All author's publications are listed below.
The field of science communication goes by many names. This commentary explores the tensions between plain ‘‘science communication’’ and the more specific ‘‘public communication of science and technology’’. The commentary argues that science communication is not just one thing — and that’s okay.
The last three decades have seen extensive reflection concerning how science communication should be modelled and understood. In this essay we propose the value of a cultural approach to science communication — one that frames it primarily as a process of meaning-making. We outline the conceptual basis for this view of culture, drawing on cultural theory to suggest that it is valuable to see science communication as one aspect of (popular) culture, as storytelling or narrative, as ritual, and as collective meaning-making. We then explore four possible ways that a cultural approach might proceed: by mobilising ideas about experience; by framing science communication through identity work; by focusing on fiction; and by paying attention to emotion. We therefore present a view of science communication as always entangled within, and itself shaping, cultural stories and meanings. We close by suggesting that one benefit of this approach is to move beyond debates concerning ‘deficit or dialogue’ as the key frame for public communication of science.
As science communication develops as a field of both practice and research, it needs to address issues of equity, diversity, and inclusion across a wide range, including race, power, class, gender. Doing so will require deeper understanding of conceptual work and practical activities that address those issues. This brief comment introduces a series of commentaries that provide one approach: feminist approaches to science communication.
Science communication is today a well-established ―although young― area of research. However, there are only a few books and papers analyzing how science communication has developed historically. Aiming to, in some way, contribute to filling this gap, JCOM organized this special issue on the History of Public Communication of Science and Technology (PCST), joining 15 contributions, from different parts of the globe. The papers published in this issue are organized in three groups, though with diffuse boundaries: geography, media, and discipline. The first group contains works that deal descriptively and critically with the development of PCST actions and either general or specific public policies for this area in specific countries. A second set of papers examines aspects of building science communication on TV or in print media. The third group of papers presents and discusses important PCST cases in specific areas of science or technology at various historical moments.
Citizen science is one of the most dramatic developments in science communication in the last generation. But analyses of citizen science, of what it means for science and especially for science communication, have just begun to appear. Articles in this first of two special issues of JCOM address three intertwined concerns in this emerging field: The motivation of citizen science participants, the relationship of citizen science with education, and the implications of participation for creation of democratic engagement in science-linked issues. Ultimately these articles contribute to answering the core question: What does citizen science mean?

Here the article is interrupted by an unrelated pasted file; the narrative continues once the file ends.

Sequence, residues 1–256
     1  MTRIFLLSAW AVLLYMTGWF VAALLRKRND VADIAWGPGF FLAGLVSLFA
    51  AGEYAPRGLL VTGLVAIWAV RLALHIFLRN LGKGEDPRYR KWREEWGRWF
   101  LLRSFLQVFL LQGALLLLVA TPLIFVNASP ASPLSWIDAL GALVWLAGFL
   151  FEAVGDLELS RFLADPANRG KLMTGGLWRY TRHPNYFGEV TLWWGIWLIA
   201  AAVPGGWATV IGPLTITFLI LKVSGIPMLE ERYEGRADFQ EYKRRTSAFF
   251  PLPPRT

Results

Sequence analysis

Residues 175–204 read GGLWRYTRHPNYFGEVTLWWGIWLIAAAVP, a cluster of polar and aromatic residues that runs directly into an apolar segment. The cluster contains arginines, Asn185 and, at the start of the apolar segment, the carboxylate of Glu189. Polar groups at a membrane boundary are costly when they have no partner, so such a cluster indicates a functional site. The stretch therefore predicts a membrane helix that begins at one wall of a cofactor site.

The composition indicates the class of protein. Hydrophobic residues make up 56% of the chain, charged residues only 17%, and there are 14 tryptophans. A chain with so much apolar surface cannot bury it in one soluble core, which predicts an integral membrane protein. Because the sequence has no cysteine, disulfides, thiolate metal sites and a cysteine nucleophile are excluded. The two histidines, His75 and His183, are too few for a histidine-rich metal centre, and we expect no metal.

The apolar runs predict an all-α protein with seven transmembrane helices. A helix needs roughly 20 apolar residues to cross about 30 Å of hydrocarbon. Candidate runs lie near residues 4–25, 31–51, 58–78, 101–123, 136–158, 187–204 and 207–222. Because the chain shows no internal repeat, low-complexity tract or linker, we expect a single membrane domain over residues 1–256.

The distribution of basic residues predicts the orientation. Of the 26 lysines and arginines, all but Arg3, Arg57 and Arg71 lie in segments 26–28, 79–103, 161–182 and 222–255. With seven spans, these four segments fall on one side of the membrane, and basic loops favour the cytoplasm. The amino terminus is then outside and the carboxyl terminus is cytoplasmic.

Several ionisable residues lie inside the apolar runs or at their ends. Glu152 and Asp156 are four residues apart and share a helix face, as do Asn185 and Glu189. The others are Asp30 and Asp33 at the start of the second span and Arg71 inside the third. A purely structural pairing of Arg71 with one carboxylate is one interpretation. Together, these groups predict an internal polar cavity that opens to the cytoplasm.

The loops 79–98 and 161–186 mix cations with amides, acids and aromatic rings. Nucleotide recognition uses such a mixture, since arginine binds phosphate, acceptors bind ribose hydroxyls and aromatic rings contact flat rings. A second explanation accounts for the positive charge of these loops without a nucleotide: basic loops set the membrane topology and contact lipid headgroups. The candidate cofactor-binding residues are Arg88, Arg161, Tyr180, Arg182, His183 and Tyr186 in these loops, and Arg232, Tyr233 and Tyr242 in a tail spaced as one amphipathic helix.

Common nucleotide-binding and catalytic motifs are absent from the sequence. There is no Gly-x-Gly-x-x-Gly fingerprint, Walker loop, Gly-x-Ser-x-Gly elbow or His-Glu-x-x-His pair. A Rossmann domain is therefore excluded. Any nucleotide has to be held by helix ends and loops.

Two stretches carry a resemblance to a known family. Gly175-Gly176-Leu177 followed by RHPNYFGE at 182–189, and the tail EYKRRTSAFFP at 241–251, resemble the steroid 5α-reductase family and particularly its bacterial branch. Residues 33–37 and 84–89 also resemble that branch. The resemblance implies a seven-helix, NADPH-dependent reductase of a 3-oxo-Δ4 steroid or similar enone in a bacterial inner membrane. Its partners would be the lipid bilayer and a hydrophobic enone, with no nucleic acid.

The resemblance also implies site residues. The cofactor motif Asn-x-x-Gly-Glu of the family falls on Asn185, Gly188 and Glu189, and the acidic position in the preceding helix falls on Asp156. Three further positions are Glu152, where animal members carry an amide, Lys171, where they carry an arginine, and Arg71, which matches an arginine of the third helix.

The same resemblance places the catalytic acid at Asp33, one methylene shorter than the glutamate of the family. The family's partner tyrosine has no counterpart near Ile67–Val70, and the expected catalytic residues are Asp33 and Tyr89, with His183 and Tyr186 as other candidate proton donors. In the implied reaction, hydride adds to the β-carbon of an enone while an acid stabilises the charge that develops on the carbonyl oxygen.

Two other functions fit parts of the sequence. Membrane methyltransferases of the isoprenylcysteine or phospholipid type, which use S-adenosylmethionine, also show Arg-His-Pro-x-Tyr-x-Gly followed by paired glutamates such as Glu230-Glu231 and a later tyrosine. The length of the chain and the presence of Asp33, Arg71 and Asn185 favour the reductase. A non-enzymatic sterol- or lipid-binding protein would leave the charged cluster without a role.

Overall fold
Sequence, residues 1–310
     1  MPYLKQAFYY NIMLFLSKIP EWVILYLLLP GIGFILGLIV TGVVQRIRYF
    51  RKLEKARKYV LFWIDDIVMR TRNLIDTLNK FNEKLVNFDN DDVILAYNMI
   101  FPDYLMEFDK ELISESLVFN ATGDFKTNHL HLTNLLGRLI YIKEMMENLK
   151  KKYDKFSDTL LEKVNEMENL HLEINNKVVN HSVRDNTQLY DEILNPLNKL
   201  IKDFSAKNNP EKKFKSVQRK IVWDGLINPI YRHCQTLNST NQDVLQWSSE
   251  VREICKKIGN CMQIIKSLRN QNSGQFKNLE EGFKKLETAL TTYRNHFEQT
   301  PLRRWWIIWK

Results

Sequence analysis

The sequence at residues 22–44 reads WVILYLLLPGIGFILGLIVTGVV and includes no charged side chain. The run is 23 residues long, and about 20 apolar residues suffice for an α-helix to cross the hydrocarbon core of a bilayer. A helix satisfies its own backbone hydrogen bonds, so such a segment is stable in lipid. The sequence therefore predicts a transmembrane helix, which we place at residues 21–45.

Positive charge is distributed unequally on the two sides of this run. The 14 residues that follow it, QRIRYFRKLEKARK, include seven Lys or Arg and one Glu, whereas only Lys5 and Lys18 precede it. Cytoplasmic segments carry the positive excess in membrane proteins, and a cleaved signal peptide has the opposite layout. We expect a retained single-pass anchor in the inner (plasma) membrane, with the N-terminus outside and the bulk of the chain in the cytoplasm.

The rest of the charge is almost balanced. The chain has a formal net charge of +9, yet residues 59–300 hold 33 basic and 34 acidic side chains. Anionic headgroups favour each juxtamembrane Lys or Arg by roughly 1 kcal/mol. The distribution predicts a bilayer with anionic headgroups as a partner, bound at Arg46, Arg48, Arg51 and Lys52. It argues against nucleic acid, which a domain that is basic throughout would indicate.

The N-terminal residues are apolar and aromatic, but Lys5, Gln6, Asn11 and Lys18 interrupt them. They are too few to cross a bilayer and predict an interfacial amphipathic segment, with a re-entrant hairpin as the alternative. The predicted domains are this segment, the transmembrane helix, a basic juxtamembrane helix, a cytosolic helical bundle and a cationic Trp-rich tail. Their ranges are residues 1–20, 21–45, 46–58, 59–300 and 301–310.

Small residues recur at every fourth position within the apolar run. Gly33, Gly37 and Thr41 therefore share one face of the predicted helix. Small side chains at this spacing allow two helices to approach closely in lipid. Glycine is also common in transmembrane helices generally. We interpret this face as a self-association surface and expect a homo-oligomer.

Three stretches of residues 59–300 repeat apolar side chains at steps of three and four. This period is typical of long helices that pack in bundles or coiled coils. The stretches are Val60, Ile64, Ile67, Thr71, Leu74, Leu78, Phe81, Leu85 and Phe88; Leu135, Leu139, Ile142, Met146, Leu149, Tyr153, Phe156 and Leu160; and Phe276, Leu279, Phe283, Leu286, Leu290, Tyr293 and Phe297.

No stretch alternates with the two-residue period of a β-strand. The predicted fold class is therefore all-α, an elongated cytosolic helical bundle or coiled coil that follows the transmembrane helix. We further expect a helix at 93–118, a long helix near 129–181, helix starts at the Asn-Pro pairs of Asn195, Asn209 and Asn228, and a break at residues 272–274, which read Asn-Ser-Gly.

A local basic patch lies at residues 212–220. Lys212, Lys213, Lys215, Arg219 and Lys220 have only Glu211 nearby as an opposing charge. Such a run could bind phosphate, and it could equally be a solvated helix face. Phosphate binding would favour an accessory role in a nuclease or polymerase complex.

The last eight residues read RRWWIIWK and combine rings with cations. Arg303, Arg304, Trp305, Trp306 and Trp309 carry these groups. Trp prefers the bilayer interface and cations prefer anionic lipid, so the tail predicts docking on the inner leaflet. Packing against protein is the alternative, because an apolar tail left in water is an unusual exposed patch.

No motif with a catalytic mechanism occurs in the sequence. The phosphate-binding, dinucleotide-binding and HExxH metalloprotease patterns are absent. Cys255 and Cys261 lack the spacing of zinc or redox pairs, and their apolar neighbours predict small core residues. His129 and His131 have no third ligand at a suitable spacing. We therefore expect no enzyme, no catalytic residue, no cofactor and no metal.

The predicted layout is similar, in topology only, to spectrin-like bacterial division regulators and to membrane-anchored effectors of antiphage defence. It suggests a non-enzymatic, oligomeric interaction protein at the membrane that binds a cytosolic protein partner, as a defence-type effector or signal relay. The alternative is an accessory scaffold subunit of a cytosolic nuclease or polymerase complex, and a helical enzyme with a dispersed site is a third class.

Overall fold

This case study describes the development of a climate change information system for New York State, one of the physically largest states in the United States. Agriculture (including dairy production and vineyards) and water-related tourism are large parts of the state economy, and both are expected to be affected dramatically by climate change. The highly politicized nature of the climate change debate in America makes the delivery of science-based information even more urgent and challenging. The United States does not have top-down science communication policies, as many countries do; this case will describe how diverse local and state agencies, corporations, NGOs, and other actors collaborated with university researchers to create a suite of products and online tools with stable, science-based information carefully crafted and targeted to avoid politicization and facilitate education and planning for community, agricultural and business planners and state policy makers who are making decisions now with 20 to 50 year time frames.
The interview presents an overview on the role of scientific publications during some key periods in United States history. It describes the developing of a culture scientifique in the late XIX century and the increasing relevance of the US within the scientific world, intertwined with a new public demand for science stories; only during the Cold War some books begin to question science. The author here argues that scientific books are a key marker of the way science fits the American culture.
Why should we care about science books? After all, we live in a "new media" world where students, researchers, and the public use the World Wide Web for all their information needs. Cutting edge research appears on "preprint archives" or "open access" online journals, text"books" appear as online sites with interactive presentations and links to presentation, for creating public discussion and dialogue, and even for archiving current research. In that kind of world, what’s the purpose of looking at "old fashioned" books?